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The Tata Founder contributed much to the development of India’s commercial capital, from setting up key industrial ventures in the city to supporting forums that nourished intellectual debate
Perhaps the grandest and most recognised of Jamsetji Tata’s tributes to his beloved city of Bombay (now Mumbai) remains the Taj Mahal Hotel. Standing tall and proud, overlooking the majestic Gateway of India, the hotel set up by the Founder of the Tata group has been more than just a witness to the life and times of this bustling city for some 110 years, its own existence often intertwined with the story and transformation of the metropolis itself.
When the hotel opened its opulent doors in 1903, it was a landmark on the Mumbai harbor (the Gateway of India became its neighbour 21 years later). With its awe-inspiring exteriors and luxurious interiors, including electric fans, elevators, Turkish baths and more, the Taj was every bit the dream that Jamsetji had set out to achieve: a hotel that Bombay would be proud of and which would attract tourists from across the world, a place where Indians would be welcome, in stark contrast to Watson’s Hotel, the city’s only five-star hotel before the Taj opened, which had an exclusive European clientele. Legend even has it that Jamsetji’s decision to start a hotel as grand as the Taj was on account of being denied entry to Watson’s Hotel.
While the Taj remains, to this day, unarguably the most well-known edifice associated with Jamsetji, what is lesser known is his contribution to several other important projects and initiatives, among them the reclamation of land from the sea, the establishment of some of the city’s most famous clubs and setting up key industrial ventures. These had a far-reaching impact on the social, political and economic development of Bombay.
The Founder also patronised a couple of other nonpolitical clubs, including the Excelsior and the Elphinstone, important addresses in the social life of contemporary Bombay, and a precursor to the club culture that would become such an integral part of the city’s unique social fabric. Here he would spend many an evening playing a game of chowpator, engaging in lively discussions with other members.
Reclamation of Land
Though not all his efforts were successful, there was much thought and commitment behind everything Jamsetji set out to do for the city that he adopted as his home after moving from Navsari, his place of birth.
Much before the Taj turned into reality, Jamsetji had been associated with a venture to reclaim land from the stretch of sea between the present-day Colaba and Malabar Hill. The Back Bay Reclamation Company was formed in 1863 with the grand idea of reclaiming around 1,500 acres of land; the driving force behind the plan was Premchand Roychand, a partner of Jamsetji and his father, Nusserwanji Tata.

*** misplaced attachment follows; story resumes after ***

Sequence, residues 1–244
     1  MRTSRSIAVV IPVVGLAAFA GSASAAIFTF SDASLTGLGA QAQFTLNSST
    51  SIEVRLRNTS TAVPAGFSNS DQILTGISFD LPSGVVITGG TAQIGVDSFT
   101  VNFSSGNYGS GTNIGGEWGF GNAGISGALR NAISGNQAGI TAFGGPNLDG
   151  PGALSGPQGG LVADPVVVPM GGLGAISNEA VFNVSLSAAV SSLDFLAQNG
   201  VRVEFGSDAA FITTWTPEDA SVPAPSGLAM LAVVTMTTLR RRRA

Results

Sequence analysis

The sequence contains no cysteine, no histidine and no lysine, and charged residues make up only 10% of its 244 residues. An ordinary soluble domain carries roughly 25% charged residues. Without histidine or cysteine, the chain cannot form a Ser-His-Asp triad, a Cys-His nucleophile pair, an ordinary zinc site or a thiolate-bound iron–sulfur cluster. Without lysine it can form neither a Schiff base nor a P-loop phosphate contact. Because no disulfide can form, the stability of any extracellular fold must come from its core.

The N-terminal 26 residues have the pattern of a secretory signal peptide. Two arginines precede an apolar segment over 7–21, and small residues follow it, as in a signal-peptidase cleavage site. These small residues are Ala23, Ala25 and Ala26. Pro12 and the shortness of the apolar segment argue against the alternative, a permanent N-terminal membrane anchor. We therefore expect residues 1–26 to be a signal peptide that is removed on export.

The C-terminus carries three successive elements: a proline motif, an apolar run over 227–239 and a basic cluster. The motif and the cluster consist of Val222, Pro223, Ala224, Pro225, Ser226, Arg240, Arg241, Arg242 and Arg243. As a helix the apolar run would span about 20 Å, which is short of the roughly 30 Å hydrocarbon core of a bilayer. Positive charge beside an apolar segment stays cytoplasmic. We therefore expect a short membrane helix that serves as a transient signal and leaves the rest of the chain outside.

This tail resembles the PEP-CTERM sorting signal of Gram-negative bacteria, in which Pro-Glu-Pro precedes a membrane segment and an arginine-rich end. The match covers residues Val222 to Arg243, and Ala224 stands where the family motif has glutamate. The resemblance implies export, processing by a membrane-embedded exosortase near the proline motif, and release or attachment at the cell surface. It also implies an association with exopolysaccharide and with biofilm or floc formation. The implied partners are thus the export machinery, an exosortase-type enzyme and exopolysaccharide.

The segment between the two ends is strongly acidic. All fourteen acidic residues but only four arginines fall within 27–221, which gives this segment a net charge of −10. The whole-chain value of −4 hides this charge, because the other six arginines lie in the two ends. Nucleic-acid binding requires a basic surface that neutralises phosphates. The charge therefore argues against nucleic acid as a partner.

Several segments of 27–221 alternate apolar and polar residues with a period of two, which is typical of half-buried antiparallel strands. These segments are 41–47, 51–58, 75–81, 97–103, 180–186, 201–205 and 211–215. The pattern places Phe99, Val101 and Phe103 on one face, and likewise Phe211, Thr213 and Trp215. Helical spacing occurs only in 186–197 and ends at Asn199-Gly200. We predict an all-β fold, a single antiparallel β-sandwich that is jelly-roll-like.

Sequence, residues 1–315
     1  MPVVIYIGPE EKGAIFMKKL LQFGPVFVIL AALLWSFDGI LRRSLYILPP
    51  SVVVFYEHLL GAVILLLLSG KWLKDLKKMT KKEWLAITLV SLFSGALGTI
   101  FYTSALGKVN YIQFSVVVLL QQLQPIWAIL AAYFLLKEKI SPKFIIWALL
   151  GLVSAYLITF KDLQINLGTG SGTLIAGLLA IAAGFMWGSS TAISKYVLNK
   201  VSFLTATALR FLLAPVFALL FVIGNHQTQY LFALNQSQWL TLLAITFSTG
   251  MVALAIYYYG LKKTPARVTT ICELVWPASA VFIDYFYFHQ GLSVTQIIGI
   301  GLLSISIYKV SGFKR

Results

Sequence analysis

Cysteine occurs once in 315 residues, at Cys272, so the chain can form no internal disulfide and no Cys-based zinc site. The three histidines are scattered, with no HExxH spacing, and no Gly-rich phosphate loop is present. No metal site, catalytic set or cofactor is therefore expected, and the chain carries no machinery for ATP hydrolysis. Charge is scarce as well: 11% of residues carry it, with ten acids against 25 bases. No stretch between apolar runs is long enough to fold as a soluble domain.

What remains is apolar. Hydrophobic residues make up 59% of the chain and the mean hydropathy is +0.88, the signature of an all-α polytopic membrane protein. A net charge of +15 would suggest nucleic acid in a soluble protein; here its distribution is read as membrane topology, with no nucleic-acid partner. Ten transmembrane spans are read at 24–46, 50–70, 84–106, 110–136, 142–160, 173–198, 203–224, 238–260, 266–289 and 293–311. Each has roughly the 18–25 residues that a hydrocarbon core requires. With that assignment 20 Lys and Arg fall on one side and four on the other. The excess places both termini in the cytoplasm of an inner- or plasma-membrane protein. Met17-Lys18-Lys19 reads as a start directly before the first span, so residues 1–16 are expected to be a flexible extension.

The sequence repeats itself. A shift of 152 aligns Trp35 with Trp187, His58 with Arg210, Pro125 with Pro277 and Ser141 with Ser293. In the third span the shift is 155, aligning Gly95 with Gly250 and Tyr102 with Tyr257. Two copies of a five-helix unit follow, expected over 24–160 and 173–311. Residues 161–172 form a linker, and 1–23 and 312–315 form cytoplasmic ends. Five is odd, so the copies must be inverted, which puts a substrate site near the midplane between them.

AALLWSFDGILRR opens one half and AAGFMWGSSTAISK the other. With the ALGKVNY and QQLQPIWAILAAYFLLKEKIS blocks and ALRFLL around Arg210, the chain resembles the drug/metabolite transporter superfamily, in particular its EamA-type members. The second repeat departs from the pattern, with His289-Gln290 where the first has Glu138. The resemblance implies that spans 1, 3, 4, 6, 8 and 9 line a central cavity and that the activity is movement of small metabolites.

After the initial excitement, the company collapsed due to a mix of factors, including the end of the American Civil War, the resurgence of the cotton industry in that country and, importantly, the lack of a sound financial plan to back the venture. The failed effort left a lasting impression on the young Jamsetji.
Frank Harris describes the episode in Jamsetji Nusserwanji Tata: A Chronicle of His Life: “It was a landmark in his life. He saw how unsound finance could stifle a promising project; but his thoughts were turned to the advantage of reclaiming the swamps which fringed Bombay, and his son, Dorabji, can remember, as a boy, walking with his father round the abandoned works. In later life Mr Tata interested himself in various schemes for reclamation…”
Investing in Real Estate
Jamsetji saw huge potential in the city’s real estate. Recognising the need for suitable and affordable accommodation for Englishmen of modest means, he built a block of 16 flats, called Gymkhana Chambers, in the Fort area of Bombay. As his financial status improved, he started buying significant portions of land in the city, especially in its northern parts, which he was particularly keen on developing. He wanted to build houses that could be rented out at affordable rates, so as to reduce the congestion in the city.
However, after a prolonged battle with the prevailing administration over unreasonable building fines in the area, Jamsetji abandoned the plan and concentrated, instead, on the task of reclaiming vast tracts of land from the Mahim Creek, between the suburbs of Bandra and Santacruz. “The chief advantage I am looking forward to is the improvement in the health of Bombay consequent on the reclamation of drowned lands, the malarial exhalations from which are at present carried to Bombay island by the north wind,” he wrote in a letter to the collector (from Frank Harris’s Jamsetji Nusserwanji Tata: A Chronicle of His Life).